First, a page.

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Of course, and exspecially if its older then you are, those old ones got power! Seriously, yes you can, just some of the newer machines don't do to well with leathers and really thick fabrics, but thats what I have. A 1948 Singer, turquoise and white unleashed beast in a box...weighs more than I do...

Faust
 

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I have to agree with halloweenking. I've always done my own upholstery with a good ol' pedal singer sewing machine. They're big and not very fancy but they can withstand almost any material you can throw at it!
 

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to sew an interior in a car properly...or should i say,to get professional results...u need a "walking foot" sewing machine,and a welt foot to sew the welting or piping as some people callit.
 

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I too have a 1948 Singer. Sinse its not a walking foot, I have a hard time sewing contract cloth and vinyl. At the end of the run, the pieces are unequal (one piece bunches up) unless I pin EVERYTHING. Anyone have a way around this?
 

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stitchin'...that's why u need awalking foot machine.old singer's are fine 4 light duty,but to do it right.......i'm tellin' ya!
 

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Vintage is correct. The problem with home machines is the gauge of thread is limited to small, and the previously stated problem with fabric moving. The walking foot always has one foot down so it takes care of that. I have had helpful upholsterers allow me to use their machines when I'm out of town working on jobs. They may be rare. Not much can go wrong with sewing machines so its pretty safe to let someone else loose on. So long as you don't want to take over the trim shop for a week you might have luck.
 

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Forgive me for bringing up this old thread(ima a newbie) :) ...but what im wanting to know is what gauge thread and needle to use on my home sewing machine?
 

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Probably, i bought some at a fabric shop. I have a commercial Consew but i use a large White with a walking foot for some of the thinner trim work
 

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my wife is plant manager here:
http://torringtondistributors.com/
ill see if she can dig up some leather needles .
btw she did my camaro seats in leather it looks exactly like the vinyl covers but in leather.
also did the door panels in leather.
really nice!
I gave the owners an idea to do classic car leather covers and after seeing mine as an example they seem to like the idea.
So soon you might get your seat covers from them.
 

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I have a 1949 Singer Machine and I love it, no end! I did some modifications to it, too, to get a much larger stitch out of it ... but, like others have said, in order to do a decent job with leathers and heavier materials, you really need an industrial machine with a walking foot/walking needle.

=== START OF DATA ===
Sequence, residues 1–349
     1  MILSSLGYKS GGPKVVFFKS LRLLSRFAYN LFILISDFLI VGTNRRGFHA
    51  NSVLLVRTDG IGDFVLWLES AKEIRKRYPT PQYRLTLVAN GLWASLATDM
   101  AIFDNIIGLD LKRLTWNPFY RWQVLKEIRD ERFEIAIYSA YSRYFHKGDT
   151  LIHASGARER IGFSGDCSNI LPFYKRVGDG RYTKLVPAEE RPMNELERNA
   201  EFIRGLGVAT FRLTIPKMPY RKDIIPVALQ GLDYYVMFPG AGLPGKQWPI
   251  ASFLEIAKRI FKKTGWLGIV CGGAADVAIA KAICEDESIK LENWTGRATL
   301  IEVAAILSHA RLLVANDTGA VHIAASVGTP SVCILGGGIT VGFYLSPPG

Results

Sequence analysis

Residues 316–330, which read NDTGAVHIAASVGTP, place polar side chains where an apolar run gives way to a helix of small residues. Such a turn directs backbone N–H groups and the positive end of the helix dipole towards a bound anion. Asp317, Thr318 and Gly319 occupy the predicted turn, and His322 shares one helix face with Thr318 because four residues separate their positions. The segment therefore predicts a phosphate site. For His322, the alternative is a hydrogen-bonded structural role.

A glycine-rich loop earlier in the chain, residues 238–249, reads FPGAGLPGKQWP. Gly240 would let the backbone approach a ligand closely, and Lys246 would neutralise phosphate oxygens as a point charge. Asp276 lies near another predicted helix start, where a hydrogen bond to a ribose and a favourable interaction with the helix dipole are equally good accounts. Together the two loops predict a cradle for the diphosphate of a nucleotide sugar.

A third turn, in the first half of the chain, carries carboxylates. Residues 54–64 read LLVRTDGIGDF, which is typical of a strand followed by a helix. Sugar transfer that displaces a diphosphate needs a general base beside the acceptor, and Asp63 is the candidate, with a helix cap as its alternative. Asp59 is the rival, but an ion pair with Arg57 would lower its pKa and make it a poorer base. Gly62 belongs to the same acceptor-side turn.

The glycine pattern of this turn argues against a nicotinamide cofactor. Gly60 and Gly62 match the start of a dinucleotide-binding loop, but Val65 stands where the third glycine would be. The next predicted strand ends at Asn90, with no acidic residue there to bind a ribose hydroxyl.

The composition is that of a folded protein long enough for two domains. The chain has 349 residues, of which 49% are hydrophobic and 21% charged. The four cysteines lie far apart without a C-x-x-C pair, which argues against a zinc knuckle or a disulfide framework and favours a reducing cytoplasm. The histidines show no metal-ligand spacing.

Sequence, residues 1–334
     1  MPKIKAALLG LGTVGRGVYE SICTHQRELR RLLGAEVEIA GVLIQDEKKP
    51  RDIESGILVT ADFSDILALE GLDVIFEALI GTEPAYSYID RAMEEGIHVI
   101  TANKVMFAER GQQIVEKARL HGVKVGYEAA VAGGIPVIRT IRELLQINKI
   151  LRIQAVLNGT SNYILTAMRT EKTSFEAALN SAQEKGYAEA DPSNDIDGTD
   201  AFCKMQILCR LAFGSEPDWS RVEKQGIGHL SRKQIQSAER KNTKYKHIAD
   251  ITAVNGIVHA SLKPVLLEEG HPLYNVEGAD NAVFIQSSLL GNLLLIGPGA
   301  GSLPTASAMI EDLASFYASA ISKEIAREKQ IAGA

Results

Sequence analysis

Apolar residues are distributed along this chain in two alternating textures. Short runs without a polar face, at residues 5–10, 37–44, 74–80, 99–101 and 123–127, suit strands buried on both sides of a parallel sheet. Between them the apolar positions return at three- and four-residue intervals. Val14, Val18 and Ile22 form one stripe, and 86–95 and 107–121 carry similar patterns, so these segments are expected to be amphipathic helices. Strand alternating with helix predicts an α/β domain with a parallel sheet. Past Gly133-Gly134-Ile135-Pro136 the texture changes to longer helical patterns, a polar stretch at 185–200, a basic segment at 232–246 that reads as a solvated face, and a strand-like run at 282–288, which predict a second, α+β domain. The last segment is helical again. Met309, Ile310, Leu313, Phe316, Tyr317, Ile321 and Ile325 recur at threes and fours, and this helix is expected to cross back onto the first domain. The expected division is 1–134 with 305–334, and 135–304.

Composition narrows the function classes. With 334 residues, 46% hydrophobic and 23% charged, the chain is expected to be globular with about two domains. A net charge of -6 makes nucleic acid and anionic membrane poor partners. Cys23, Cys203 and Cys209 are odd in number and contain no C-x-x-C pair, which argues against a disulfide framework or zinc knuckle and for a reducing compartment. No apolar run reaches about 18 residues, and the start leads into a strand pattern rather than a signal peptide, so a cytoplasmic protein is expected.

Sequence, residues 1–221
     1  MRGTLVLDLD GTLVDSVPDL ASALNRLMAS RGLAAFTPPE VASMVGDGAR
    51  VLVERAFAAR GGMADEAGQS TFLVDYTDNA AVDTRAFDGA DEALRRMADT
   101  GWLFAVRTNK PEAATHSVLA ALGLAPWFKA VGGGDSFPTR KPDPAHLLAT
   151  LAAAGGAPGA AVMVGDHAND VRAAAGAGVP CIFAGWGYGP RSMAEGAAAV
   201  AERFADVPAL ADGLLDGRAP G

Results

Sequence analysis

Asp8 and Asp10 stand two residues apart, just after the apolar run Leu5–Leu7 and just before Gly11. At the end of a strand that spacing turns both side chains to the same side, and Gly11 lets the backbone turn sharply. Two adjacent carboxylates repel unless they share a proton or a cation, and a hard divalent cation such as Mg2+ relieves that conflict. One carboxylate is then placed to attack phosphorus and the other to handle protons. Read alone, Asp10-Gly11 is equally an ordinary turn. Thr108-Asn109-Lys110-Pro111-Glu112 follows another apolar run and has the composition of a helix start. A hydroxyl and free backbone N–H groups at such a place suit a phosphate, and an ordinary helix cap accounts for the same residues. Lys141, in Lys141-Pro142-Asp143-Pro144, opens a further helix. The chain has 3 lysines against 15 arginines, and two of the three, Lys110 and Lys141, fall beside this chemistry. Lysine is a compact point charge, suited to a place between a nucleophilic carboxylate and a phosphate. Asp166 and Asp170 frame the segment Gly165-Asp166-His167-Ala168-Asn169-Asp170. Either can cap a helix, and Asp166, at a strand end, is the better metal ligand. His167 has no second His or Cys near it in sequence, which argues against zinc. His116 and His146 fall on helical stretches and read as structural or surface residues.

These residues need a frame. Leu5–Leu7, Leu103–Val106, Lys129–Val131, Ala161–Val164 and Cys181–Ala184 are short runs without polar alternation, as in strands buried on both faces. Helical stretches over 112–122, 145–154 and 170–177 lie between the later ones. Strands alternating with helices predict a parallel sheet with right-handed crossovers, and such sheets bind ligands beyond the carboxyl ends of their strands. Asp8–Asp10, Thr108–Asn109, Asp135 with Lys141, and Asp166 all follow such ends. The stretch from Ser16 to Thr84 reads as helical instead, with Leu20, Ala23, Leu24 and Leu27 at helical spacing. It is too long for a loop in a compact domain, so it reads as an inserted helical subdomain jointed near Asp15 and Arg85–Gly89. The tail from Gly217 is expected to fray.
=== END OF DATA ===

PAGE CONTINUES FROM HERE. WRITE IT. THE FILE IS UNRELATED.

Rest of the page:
I found a great buy on eBay and bought this Tacsew T111-155 with a table, servo motor and thread stands (the works) for under $900 ... you can purchase one HERE ... I sure am glad I did.
 

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yup!...

yea horovath, i remember you saying that. unfortunately im pretty broke at the moment...which is why i was asking about home machines. anyone live in NY and wanna show me the ropes?

~Jason
 

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Hi Horvath; I bought 2 real old commercial Singers from an old upholstery shop that was closing. This guy never used the newer ones.

He didn't have motors for the 2 I bought. He told me to get a clutch motor. I got one off ebay but it was 220v and real BIG & heavy. Should I throw in the towel & give up, or is it worth getting it to work. Just want to do vinyl seat covers with NO experience :(
 

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If there's nothing wrong with the sewing head, and all you need is a clutch motor, by all means get the right one and go for it. Have the machine checked out by a sewing machine pro before you do anything. He can tell you if it's worth buying a motor for it. I have two clutch motors, one brand new, and one older one I'm going to put on E-bay, but if you send me a private message, I'll sell you whichever one you want, or both. They will both work fine on the Singer 111W type machines. I just replaced both my clutch motors with servo motors.
 
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Hi DanTwoLakes... Here's a list of what I got for $200.

-Singer 16-41

-Singer 16-141 Both without tables or motors. The 141 was sold as a working unit. The 41 was thrown in the deal "for parts" but looks the exact same condition as far as moving parts.

- 2 of the big rolls of thread (black & white) " Consolidated Thread Corp # 92 UVR"

-1 gross of white prewound bobbins "Blue Mountain Ind. MD 92S style A"

-1 gross black prewound bobbins "Coats American 69 A-twist"

- a few yards of white & also black vinyl. and some premade welting...all of this material was for my sons tractor seats & practicing.

Ok, then...are those models of Singers OK? ...and are those threads I got OK?

Does a clutch type motor tend to stall/stop when I would be going slow on tight turns, etc? What I mean is that if it starts to stall and I push more on the lever...will the clutch really bite and then "take off too fast"?

Lastly, what is a brief description of a "servo type"? ...and is it worth considering for just occasional use? Thanks
 
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